1 ANTH3020 SOCIAL CONSTRUCTION OF LANDSCAPE 2011 Lecturer: Chris Tilley (c.tilley@ucl.ac.

uk) COURSE OUTLINE AND READING LIST Landscapes are never inert: people engage with them, re-work them, appropriate and contest them. They form a fundamental way in which identities are created and disputed. Criss-crossing between history and politics, social relations and cultural perceptions, landscape is a concept of ‘high tension’. It is also an area of study that blows apart the conventional boundaries between the disciplines. Landscapes form a subject of study for anthropologists, archaeologists, human geographers, art historians and historians and sociologists amongst others. COURSE AIMS AND OBJECTIVES Transcending traditional disciplinary boundaries the aim of this course is to try and understand and analyse both the ways in which people experience and engage with their material world in different times, different places, different contexts and the different theoretical approaches to such experiences. The course will introduce you to a broad range of empirical studies of landscapes providing the basis for a wide comparative understanding. It will relate an understanding of landscape to broader questions of anthropological theory and practice from the specific perspective of material culture studies. It will help to develop a critical awareness of the literature and research practices. TEACHING METHODS (1) There will be a lecture lasting for between one and two hours each week. This will normally be divided into two parts, the first part discussing theoretical perspectives and conceptual issues, the second introducing particular examples and case studies. This will take place on Tuesdays 2-4pm. (2) There will be a one hour seminar every week. This will take place in the Material Culture Room in the basement of the Anthropology Department on Wednesdsay 9-10, 10-11, 11-12 and 21-1. Sign-up forms for this will be given out at the first lecture. This seminar will focus on the ESSENTIAL readings listed below. Note these begin the 2nd week of term. The discussion will be led each week by at least four students. Attendance at these seminars is compulsory and the essential readings need to have been read by all students to form a basis for group discussion. You are expected to spend at least five hours reading for this course each week of the term. Attendance at these seminars will be monitored and students who fail to come on a regular basis will have failed the course. Reasons for absence must be emailed to me in advance. ASSESSMENT By Thursday 11th February (just before Reading Week) each student should hand in a draft proposal for their coursework essay on ONE side of A4 paper. This should include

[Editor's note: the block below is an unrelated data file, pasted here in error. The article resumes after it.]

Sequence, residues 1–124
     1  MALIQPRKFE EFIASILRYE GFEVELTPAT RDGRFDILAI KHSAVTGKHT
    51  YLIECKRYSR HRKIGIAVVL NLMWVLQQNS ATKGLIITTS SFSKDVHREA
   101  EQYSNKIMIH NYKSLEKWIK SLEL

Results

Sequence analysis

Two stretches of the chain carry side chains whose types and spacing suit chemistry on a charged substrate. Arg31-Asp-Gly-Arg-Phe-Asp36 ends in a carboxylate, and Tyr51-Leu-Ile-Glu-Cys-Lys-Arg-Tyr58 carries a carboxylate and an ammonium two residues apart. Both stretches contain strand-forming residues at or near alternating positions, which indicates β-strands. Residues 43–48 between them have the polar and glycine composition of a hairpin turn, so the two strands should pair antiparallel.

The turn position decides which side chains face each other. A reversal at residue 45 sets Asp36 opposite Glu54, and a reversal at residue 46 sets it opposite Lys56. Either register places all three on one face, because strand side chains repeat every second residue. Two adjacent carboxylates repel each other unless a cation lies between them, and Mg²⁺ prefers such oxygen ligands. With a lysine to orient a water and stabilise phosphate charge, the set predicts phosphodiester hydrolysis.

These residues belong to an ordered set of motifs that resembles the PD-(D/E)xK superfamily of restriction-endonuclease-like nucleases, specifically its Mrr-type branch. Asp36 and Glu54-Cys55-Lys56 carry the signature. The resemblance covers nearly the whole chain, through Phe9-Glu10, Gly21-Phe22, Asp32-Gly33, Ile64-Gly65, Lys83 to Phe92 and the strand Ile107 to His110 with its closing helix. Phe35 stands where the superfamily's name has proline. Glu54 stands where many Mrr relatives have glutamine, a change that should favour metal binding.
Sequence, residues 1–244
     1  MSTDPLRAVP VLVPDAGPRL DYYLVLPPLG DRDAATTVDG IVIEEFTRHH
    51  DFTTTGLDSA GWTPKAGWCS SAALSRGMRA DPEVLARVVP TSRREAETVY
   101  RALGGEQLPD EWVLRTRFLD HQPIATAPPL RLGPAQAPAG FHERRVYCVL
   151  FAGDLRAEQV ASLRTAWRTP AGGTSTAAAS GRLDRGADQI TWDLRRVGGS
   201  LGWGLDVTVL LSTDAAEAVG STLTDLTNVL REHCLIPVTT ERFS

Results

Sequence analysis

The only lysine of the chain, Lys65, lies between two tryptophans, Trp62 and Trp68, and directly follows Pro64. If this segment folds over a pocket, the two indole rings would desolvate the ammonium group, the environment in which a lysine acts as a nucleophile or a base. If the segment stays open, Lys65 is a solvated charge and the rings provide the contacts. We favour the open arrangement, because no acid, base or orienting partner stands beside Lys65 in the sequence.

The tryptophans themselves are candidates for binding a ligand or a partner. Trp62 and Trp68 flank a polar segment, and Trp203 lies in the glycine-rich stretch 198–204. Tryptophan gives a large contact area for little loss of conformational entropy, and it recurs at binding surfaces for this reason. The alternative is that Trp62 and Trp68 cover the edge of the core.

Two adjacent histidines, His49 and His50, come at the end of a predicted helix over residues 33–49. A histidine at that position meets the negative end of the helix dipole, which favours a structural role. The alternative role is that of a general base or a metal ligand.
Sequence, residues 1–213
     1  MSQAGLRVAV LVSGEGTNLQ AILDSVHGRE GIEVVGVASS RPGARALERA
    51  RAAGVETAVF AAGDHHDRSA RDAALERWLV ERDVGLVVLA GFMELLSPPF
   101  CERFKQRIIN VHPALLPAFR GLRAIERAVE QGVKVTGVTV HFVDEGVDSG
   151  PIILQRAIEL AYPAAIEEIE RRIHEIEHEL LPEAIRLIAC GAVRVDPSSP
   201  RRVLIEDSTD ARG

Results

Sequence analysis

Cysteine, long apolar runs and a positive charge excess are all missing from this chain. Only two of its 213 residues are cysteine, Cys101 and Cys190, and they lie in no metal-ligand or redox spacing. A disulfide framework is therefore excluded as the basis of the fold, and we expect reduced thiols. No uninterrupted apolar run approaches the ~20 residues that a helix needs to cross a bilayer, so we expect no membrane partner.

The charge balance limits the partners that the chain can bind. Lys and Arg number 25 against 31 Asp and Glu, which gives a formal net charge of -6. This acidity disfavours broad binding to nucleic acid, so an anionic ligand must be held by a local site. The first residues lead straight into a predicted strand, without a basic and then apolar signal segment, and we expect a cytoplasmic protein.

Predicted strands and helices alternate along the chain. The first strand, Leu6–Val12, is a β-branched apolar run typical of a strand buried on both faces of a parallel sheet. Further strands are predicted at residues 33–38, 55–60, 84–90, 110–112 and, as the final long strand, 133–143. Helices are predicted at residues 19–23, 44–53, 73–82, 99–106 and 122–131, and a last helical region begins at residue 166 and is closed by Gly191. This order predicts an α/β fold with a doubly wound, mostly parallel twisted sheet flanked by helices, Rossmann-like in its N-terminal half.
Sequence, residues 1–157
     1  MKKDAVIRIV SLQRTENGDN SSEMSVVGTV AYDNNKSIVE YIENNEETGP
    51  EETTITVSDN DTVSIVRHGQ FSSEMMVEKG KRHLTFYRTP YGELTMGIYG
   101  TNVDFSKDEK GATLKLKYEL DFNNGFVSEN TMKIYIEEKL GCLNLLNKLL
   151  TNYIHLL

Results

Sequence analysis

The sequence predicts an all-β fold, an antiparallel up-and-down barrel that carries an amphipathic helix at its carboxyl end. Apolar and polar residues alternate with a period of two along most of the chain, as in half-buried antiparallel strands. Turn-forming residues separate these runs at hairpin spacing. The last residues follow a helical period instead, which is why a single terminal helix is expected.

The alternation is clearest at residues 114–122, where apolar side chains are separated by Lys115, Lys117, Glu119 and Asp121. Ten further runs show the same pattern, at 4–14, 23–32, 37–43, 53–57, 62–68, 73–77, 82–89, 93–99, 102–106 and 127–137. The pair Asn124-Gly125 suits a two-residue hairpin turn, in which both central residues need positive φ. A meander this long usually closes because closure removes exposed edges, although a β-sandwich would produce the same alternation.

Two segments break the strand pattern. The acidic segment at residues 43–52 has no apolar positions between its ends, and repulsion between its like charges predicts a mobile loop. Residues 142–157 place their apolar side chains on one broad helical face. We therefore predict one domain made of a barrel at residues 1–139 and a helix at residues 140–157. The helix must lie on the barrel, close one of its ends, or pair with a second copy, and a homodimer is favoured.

ac. On the course page simply follow the link for electronic submission to submit your work. TWO hard copies should be handed in to the Departmental Office with the appropriate cover sheets. ESSAY SUBMISSION AND PLAGIARISM The deadline for handing in these essays is Tuesday May 4h (12 noon).ucl. you ought to be able to find and use a wide range of materials both from the course reading list and beyond it. Do not include photos or illustrations in the electronic copy. The topic may be taken from (I) the list of essay titles at the end of this course outline directly relating to the seminars and lectures OR (2) Relate to the other topics on this reading list not covered in classes OR (3) you may choose your own topic.ac. The essays should include reference to a wide range of literature going beyond the essential readings related to any one particular topic. an outline of what will be discussed and readings to be done. This should be a hard copy and NOT an email and should be left in my pigeonhole. which can be accessed via the internet at UCL or from home. Failure to submit paper copies will incur late submission penalties until a hard copy is handed in. If students are found to have failed to submit an electronic version they will receive no marks and will fail the course.g. This is your chance to be creative. describing and analyzing a landscape or place known to you.uk The electronic version will be scanned for evidence of plagiarism. In addition to two hard copies of your essay an electronic version of your essay needs to be submitted using the UCL Moodle system.2 the proposed title. The deadline for submission is the same for both the printed copies and the electronic copies. If you have any problems using moodle please contact anthmoodle-admin@ucl. The course is assessed by ONE 5. At this stage. The essays could be simply literature reviews or involve a bit of personal research or project work as well e. I will check this over to see if it is OK and discuss it with you individually if I do not think it is viable. The course code and name are the same as the ones on top of this reading list. using references in the literature.uk and use your user-id and password to access the course. Use it! Here are a few topics students have written essays on during the last couple of years Kew Gardens: A Phenomenological Perspective Sensory Dimensions of Brick Lane Waterloo Railway Station as a Place Camden Market Hampstead Heath Walking the South Bank Utopia and landscape . ESSAYS: WHAT IS EXPECTED Since this course is assessed entirely on the basis of one long essay more will obviously be required of you than for a normal or shorter coursework essay in a course that is also assessed on the basis of a written examination. Essential readings relating to a number of the individual course themes will be relevant to anything that you write and should be creatively used to structure your arguments. Go to http://moodle. Once you are enrolled on this course within the Dept of Anthropology you will automatically be enrolled on its corresponding module on AnthroMoodle.000 word essay (excluding references).